National Episcopal Church Women board members, province presidents and United Thank Offering chairwomen snaked through the crowd to the enthusiastic strains of “We’re Marching in the Light of God.”
With festive and colorful ribbons flying, National ECW President Pamela Stewart officially opened the 44th ECW Triennial Meeting Wednesday in Ballroom A of the Minneapolis Convention Center.
Stewart greeted ECW members to what she calls the third house of the convention, “The House of Joy,” where 399 delegates represent nine provinces and 100 dioceses.
‘Women of the Table’
Members were treated to the premiere viewing of “Women of the Table: A Celebration of Women’s Ministries in the Episcopal Church,” a film produced by independent television producer Katie Sherrod and the National ECW Board. The film was created to do a better job of communicating the work of ECW to the Anglican Community and is presented as a tribute to the unity of the mission of the church.
Narrated by the Rt. Rev. Barbara Harris, the film is a celebration of the ministries of women. The film features women in roles ranging from more traditional ones, such as Altar Guild and missionary posts, to new venues, breaking barriers and entering creative ministries, such as running a credit union for low-income populations or starting a camp to increase literacy in children.
“Women of the Table” is available for sale at the ECW booth for $10.
The Rev. Canon Barbara Price, the event’s illuminator, characterized the ECW board as “Wild Women Organized for Action” and praised them for their energy and collegial spirit.
Price then spoke about the process of becoming a lightbearing woman, a woman who performs service in Christ’s name. Citing examples from the life the Virgin Mary, Price encouraged her listeners to be thankful that she “walked the walk God called her to do” and pointed to Mary’s willingness to take on a difficult and frightening role in God’s creation.
Anglican and ecumenical guests were introduced, emphasizing ECW’s connectedness with the rest of the world. Included were representatives of the worldwide Mother’s Union, the Mother’s Union of Canada, the International Anglican Women’s Network, the Anglican Women of Australia, ECW Philippines, and the Women of the Evangelical Lutheran Church in America.
Bishop Jelinek’s welcome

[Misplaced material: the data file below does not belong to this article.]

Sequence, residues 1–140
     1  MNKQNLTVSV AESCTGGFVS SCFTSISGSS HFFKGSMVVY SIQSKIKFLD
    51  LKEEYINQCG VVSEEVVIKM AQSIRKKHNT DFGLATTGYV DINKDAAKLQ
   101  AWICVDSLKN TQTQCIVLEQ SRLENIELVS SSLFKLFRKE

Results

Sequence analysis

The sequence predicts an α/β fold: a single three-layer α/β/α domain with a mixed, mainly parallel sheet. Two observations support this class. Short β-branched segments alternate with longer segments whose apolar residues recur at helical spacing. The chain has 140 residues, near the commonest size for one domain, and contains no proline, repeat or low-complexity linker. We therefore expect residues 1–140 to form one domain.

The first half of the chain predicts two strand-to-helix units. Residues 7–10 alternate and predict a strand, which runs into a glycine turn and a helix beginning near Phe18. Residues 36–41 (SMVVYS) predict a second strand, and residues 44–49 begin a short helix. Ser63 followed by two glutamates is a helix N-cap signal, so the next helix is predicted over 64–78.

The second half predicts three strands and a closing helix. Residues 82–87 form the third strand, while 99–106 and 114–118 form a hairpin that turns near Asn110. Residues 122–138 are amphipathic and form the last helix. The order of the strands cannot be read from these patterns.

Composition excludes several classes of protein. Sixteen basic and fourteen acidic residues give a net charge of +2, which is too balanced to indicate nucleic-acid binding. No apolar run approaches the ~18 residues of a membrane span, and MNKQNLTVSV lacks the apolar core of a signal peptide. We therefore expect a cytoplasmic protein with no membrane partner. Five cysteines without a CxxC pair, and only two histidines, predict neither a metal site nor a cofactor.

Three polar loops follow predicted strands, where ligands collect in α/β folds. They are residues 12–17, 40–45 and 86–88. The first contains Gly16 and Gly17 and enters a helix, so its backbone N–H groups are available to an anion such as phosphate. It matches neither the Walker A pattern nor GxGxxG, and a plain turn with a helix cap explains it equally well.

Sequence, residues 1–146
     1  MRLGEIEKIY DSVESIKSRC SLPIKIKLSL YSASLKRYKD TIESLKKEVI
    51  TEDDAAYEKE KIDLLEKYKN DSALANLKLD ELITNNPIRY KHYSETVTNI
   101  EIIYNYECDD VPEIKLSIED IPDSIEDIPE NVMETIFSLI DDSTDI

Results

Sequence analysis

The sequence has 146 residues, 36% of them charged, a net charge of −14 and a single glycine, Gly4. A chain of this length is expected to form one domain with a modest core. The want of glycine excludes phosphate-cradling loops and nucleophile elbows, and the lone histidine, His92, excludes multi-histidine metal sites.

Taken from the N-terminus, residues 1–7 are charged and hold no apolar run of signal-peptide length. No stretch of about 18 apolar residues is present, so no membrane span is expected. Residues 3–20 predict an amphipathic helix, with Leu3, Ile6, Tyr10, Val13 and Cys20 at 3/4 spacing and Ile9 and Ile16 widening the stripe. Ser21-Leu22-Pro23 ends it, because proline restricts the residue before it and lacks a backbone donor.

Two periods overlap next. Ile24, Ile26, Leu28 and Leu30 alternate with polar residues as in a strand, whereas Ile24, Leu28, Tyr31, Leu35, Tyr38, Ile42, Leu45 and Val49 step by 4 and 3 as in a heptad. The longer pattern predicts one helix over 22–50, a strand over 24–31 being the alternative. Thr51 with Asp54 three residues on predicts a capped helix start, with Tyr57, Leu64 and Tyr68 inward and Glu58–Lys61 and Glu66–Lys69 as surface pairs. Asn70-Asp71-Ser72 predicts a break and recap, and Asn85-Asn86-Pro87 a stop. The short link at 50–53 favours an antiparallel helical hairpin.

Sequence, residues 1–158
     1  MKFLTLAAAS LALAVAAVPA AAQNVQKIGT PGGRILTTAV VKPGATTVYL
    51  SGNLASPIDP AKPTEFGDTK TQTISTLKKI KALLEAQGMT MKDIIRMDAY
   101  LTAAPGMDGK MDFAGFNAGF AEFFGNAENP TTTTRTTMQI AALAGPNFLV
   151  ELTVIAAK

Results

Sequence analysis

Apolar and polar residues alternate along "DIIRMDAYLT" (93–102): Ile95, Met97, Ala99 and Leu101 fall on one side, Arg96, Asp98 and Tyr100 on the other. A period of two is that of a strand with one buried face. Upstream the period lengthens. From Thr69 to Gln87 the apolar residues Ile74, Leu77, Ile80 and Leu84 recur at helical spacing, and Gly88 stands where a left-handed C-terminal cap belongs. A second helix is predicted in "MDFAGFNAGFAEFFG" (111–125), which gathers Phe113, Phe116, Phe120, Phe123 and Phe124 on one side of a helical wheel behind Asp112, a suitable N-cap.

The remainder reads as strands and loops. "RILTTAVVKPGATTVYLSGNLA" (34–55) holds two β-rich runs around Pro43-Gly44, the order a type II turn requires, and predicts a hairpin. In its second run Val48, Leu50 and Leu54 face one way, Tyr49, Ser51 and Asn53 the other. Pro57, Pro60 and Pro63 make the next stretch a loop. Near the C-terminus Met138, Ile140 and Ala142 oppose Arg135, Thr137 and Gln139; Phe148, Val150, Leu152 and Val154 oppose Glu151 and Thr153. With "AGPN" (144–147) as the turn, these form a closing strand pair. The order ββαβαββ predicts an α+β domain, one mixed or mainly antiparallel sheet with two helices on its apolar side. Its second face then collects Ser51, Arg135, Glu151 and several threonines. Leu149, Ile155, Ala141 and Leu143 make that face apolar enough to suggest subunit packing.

The Rt. Rev. James Jelinek, bishop of Minnesota, welcomed the delegates and described his diocese as one of diverse congregations, including Hispanic, African-American, Native American, and Liberian. He expressed appreciation for UTO grants given to the Diocese of Minnesota and said the diocese had responded by increasing its support of UTO. He thanked the delegates for sharing their ministries and missions.
Three gavels and ‘Boing’
Stewart, in her remarks to the delegates, displayed three gavels she had been given while serving as president of the National ECW Board.
One is from St. John’s in Detroit and is dated 1860-1913. The second, dated 1940-1946, was used by the Executive Board of the Women’s Auxiliary, as ECW was formerly known. The third gavel is plain and undated.
In the course of her travels to 46 dioceses, as well as to Canada and the Philippines, Stewart said she once found herself at a meeting in Texas without any gavels at all. That was when she purchased “Boing,” a green, purple and orange stuffed creature that makes a distinctive sound when pounded like a gavel. She pointed out that, although the women of ECW do serious work, they try not to take themselves seriously, and “Boing” provides a bit of levity.
Following her election to the ECW presidency at the 43rd Triennial Meeting, Stewart said she promised the House of Bishops that “women would use their gifts to make a difference.” This promise resulted in the “Call to Action,” which asks Episcopal women to become involved in the areas of leadership, literacy, nonviolence and interfaith relations.
“ECW has empowered us and we can empower others,” Stewart said. “We can hear what God is calling us to do and we can keep the new light shining.”